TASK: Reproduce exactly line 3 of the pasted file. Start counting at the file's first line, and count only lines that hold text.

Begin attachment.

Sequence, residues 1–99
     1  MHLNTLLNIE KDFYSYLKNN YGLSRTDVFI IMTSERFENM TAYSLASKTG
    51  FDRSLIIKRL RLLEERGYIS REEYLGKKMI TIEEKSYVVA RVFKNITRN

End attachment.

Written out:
    51  FDRSLIIKRL RLLEERGYIS REEYLGKKMI TIEEKSYVVA RVFKNITRN